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Open and Closed Set with Compactness

  1. Jun 8, 2012 #1
    Give an example of:

    a) a closed set S[itex]\subset[/itex]ℝ and a continous function f: ℝ-->ℝ such that f(S) is not closed;

    b) an open set U[itex]\subset[/itex]ℝ and a continous function f: ℝ-->ℝ such that f(U) is not open


    Solution:

    a) e^x b) x^2

    here's my problem, this is what was given in the solutions, but I don't see how the two respective answers are an open and closed set. The continuity isn't a problem, but the open and close concept is bugging me. How is e^x closed if I can pick any value of "x"? Like my interpretation of closed was any stated interval where you may have to say [a,b] is the interval also topologically I viewed it as the closure = union of the interior points an boundary points.
     
  2. jcsd
  3. Jun 8, 2012 #2
    What is the closure of ℝ? Thus, ℝ is closed. If f(x)=e^x, what is f(ℝ)?

    ℝ is also open. If f(x)=x^2, what is f(ℝ)?



    What do you mean when you say e^x is closed?
     
  4. Jun 8, 2012 #3


    I'm going to hate myself because it's probably really simple, but I think it may be that I don't even understand the question.

    So the closure of ℝ has to be ℝ itself. as for f(ℝ) i take it you mean I'm just taking ℝ and mapping it its image in this case f(ℝ) = ℝ. But then if I'm right in what your saying, all it is, is that I'm taking a number (any number) in ℝ and applying e^x to it. But how does it show "not open"
     
  5. Jun 8, 2012 #4
    The "answers" that they gave you do not, in fact, answer the questions that were asked, so you are justified in your confusion. The original questions asks for a set and a function, and the answer key only gives you a function.
    So that we are clear on notation, the image of a set X under a function f is f(X): the set of all elements y such that y = f(x) for some x in X.
    For the first question, you need a set S whose image f(S) is not closed for a specific continuous function f. The answer key claims that the function f(x) = e^x gives us this property for some set S, so it is still up to us to provide that set. If we use S = R, then we see that f(R) is the set of all positive real numbers, not R. The exponential function is not 0 for any real number and is never negative. Is the set of all positive real numbers closed relative to R?
    An easy way to check this is to see if the set contains its closure, as a set is closed if and only if it contains its closure.
    If f(R) were R, we could not use it, because R is closed, and we are looking for an image that is not closed.
    The second function maps U = R to the set of all non-negative real numbers. Is this set open relative to R? Why or why not?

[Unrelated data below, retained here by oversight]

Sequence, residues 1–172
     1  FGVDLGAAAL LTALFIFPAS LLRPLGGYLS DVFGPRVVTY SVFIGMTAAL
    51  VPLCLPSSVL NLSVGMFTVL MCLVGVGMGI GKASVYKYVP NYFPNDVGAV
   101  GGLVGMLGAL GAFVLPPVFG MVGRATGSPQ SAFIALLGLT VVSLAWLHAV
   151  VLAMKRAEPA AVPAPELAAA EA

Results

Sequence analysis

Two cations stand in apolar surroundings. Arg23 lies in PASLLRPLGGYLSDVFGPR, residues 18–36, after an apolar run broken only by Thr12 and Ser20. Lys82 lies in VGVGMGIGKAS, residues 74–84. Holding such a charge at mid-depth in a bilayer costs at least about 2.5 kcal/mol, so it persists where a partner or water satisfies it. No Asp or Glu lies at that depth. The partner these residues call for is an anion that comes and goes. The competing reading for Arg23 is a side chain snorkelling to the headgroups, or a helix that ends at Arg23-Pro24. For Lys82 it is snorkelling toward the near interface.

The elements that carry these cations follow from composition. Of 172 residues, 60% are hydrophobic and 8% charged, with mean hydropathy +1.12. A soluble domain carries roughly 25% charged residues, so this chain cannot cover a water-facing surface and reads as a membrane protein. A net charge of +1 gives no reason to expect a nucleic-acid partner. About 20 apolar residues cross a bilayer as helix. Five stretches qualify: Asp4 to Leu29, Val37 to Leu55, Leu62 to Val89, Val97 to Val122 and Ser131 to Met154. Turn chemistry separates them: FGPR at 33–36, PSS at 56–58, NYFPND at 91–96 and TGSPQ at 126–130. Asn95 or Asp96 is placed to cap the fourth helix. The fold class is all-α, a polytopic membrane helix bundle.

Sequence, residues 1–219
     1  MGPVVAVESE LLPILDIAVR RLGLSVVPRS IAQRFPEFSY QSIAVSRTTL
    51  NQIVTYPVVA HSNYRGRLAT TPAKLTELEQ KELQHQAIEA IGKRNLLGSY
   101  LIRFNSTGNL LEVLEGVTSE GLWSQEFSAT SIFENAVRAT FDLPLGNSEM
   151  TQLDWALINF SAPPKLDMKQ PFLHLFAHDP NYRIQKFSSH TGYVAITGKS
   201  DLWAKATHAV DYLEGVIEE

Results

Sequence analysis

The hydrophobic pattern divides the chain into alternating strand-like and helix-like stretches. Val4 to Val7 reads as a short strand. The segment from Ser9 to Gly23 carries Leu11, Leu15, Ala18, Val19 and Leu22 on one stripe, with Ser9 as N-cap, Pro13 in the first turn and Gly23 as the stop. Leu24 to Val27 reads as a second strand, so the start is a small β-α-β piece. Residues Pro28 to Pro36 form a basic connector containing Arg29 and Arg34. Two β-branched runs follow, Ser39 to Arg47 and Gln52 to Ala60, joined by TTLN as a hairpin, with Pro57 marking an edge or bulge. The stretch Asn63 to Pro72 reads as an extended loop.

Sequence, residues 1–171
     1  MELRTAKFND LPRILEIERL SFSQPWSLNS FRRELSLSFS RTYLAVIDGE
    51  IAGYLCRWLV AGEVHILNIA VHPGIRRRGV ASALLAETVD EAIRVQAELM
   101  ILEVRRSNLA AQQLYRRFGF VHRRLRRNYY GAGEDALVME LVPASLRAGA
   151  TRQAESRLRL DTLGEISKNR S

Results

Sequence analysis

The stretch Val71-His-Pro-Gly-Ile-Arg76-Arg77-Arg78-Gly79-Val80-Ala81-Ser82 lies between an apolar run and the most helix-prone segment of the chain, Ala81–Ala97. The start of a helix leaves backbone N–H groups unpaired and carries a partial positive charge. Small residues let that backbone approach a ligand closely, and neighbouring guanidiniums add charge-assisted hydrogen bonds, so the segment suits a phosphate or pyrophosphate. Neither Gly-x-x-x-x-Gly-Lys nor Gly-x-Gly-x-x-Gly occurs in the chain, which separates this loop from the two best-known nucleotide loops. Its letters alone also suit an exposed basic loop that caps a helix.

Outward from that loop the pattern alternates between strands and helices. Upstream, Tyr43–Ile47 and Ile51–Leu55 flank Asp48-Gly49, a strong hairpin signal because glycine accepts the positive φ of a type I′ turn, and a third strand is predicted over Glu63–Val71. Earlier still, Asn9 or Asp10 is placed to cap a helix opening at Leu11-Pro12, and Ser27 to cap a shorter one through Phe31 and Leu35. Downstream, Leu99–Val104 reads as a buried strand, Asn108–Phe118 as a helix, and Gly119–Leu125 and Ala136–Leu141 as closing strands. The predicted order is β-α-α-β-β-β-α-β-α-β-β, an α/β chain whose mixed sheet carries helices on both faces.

Last edited: Jun 8, 2012
  6. Jun 8, 2012 #5


    Ok so from your explanation then since the exponential function can never be 0 or negative this means that the image of ℝ i.e f(ℝ) will not contain the "whole" group of Real Numbers since 0 and the negatives are included in this group as such it cannot be closed.

    But from what I just said, that would mean that in the second question f(U) would also have to be open because it does not include the negative Real numbers either after the function, x^2, is applied to it.
     
  7. Jun 8, 2012 #6

    vela

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    No... The interval [0,1] is closed, but it obviously doesn't contain all of R. What does it mean when you say a set is open or closed? Once you review that, you can answer the following: The function ex maps R to (0, ∞). Is that interval closed?
     
  8. Jun 8, 2012 #7


    Set open = the set contains all of its interior points only

    Set Closed = the set contains its interior points and its boundary points.


    Oh.....since ex can never be 0 that means the boundary point "0" is not a part of the set. Therefore f(S) cannot be closed. Since S = ℝ is closed applying the function to S gives f(S), but since we picked our function to be ex, the value 0 is not present in f(s) which we would need for it to be closed.


    in the second case x2 maps to the [0,∞] because every value of the reals can be obtained i.e, the boundary points. So then this means it's closed.
     
  9. Jun 8, 2012 #8
    Your proof would be more complete if you completely describe the image, not just mention some point that is not in the image. But It looks like you have the idea.


    The notation is [0,∞).
     
  10. Jun 8, 2012 #9



    In the first one what am I missing to describe the image? and thanks everybody for the help.
     
  11. Jun 9, 2012 #10
    Simply saying 0 is not in f(S) does not suffice. The empty set does not contain 0 but it is closed. You need to explicitly say what f(S) is.

    And you're welcome, and I would like to thank everyone also, for being there to expand when I was not sure where to start.
     
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